University of Virginia Library

Search this document 
The Jeffersonian cyclopedia;

a comprehensive collection of the views of Thomas Jefferson classified and arranged in alphabetical order under nine thousand titles relating to government, politics, law, education, political economy, finance, science, art, literature, religious freedom, morals, etc.;

expand sectionA. 
expand sectionB. 
expand sectionC. 
expand sectionD. 
expand sectionE. 
collapse sectionF. 
expand sectionG. 
expand sectionH. 
expand sectionI. 
expand sectionJ. 
expand sectionK. 
expand sectionL. 
expand sectionM. 
expand sectionN. 
expand sectionO. 
expand sectionP. 
expand sectionQ. 
expand sectionR. 
expand sectionS. 
expand sectionT. 
expand sectionU. 
expand sectionV. 
expand sectionW. 
expand sectionX. 
expand sectionY. 
expand sectionZ. 

expand section 
expand section 

7516. REVOLUTION (French), Jefferson's relations to.—

I considered a successful
reformation of government in France, as
insuring a general reformation through Europe,
and the resurrection, to a new life, of their people,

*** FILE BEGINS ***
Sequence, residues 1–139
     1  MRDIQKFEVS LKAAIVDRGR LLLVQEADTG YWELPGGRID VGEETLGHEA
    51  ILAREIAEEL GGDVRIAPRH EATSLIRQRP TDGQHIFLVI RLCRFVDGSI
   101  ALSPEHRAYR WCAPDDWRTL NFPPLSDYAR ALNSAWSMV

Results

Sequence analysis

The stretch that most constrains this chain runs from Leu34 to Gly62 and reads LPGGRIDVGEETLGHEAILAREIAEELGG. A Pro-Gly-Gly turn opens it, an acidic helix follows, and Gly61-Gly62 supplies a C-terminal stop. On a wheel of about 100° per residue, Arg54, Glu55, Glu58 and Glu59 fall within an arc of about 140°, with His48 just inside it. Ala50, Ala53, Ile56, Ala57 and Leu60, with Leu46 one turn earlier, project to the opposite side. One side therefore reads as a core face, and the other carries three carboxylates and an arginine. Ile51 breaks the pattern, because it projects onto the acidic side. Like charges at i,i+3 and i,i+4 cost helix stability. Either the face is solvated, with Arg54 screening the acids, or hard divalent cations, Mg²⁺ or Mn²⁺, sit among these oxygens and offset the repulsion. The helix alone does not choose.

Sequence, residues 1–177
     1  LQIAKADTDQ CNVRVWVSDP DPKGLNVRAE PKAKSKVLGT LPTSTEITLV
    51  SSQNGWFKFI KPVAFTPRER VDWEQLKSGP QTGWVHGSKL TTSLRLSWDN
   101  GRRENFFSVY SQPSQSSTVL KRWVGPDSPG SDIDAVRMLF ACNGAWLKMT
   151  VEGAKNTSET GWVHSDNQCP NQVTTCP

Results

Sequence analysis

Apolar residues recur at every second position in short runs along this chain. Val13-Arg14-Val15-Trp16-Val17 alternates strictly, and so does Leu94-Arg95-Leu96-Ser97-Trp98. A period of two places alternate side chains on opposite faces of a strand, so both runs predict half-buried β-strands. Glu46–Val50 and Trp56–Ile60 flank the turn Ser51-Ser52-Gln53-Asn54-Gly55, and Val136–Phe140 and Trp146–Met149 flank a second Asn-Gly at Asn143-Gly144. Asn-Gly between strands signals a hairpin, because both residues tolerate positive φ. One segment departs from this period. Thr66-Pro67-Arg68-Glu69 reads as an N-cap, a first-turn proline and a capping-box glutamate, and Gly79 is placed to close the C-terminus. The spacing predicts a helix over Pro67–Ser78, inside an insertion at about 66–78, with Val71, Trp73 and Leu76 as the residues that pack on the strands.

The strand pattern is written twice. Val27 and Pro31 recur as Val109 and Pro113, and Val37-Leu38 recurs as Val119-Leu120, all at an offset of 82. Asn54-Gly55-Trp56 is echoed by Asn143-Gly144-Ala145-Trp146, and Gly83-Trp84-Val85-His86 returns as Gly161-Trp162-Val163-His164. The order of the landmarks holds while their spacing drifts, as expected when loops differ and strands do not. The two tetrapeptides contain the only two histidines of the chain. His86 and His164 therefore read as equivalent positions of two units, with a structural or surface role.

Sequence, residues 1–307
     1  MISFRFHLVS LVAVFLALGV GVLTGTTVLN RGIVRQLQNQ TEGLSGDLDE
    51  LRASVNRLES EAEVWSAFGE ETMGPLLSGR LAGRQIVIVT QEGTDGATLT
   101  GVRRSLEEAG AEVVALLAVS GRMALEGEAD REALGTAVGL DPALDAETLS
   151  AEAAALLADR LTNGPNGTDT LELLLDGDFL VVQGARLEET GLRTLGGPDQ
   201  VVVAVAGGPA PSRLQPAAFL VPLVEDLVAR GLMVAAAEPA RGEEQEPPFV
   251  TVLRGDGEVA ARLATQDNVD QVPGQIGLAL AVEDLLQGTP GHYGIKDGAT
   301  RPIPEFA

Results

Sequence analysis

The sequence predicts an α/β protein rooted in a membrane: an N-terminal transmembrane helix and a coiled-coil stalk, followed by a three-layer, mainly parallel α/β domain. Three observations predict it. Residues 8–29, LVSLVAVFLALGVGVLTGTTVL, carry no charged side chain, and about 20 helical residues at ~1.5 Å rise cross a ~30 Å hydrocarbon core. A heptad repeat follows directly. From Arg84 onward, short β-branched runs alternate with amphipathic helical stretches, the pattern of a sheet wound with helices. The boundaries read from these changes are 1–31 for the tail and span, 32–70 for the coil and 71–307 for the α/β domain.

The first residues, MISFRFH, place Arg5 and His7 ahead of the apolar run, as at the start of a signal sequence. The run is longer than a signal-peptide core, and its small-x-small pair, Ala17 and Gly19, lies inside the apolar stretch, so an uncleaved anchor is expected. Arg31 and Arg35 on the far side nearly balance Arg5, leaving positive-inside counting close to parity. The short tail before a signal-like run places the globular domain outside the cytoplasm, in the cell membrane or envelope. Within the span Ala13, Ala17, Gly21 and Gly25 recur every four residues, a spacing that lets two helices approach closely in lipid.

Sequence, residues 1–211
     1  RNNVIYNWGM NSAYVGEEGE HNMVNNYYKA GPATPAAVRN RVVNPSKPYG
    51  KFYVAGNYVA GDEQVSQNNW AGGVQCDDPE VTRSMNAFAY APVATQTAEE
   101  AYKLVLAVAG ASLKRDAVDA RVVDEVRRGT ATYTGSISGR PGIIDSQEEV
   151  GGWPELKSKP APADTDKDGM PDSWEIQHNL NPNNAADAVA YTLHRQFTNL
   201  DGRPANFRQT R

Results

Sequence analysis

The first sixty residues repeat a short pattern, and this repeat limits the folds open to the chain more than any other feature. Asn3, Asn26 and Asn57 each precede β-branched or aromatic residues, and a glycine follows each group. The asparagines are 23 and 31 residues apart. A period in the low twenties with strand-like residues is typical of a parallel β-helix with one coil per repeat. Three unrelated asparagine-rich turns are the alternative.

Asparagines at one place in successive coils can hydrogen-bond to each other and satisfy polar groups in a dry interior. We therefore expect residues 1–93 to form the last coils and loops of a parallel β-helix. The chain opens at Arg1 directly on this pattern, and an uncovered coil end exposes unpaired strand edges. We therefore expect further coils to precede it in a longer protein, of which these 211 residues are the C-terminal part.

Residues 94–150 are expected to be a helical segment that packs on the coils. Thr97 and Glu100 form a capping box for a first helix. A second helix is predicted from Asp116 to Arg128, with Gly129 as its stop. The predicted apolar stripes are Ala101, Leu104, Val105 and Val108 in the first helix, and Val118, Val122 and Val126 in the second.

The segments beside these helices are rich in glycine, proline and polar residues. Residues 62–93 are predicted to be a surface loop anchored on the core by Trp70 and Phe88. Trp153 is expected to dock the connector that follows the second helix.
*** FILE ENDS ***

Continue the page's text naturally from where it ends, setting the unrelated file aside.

now ground to dust by the abuses of the
governing powers. I was much acquainted
with the leading patriots of the Assembleé.
Being from a country which had successfully
passed through a similar reformation, they were
disposed to my acquaintance, and had some
confidence in me. I urged, most strenuously,
an immediate compromise; to secure what the
government was now ready to yield, and trust
to future occasions for what might still be
wanting. It was well understood that the King
would grant, at this time, 1. Freedom of the
person by habeas corpus; 2. Freedom of conscience:
3. Freedom of the press: 4. Trial by
jury: 5. A representative legislature: 6. Annual
meetings: 7. The origination of laws: 8. The exclusive
right of taxation and appropriation: and
9. The responsibility of ministers; and with the
exercise of these powers they could obtain, in
future, whatever might be further necessary to
improve and preserve their constitution. They
thought otherwise, however, and events have
proved their lamentable error. For, after thirty
years of war, foreign and domestic, the loss of
millions of lives, the prostration of private happiness,
and foreign subjugation of their own
country for a time, they have obtained no more,
nor even that securely. They were unconscious
of (for who could foresee?) the melancholy
sequel of their well-meant perseverance; that
their physical force would be usurped by a first
tyrant to trample on the independence, and even
the existence, of other nations; that this would
afford a fatal example for the atrocious conspiracy
of kings against their people: would
generate their unholy and homicide alliance to
make common cause among themselves, and
to crush, by the power of the whole, the efforts
of any part, to moderate their abuses and oppressions.—
Autobiography. Washington ed. i, 93. Ford ed., i, 129.

See Holy Alliance.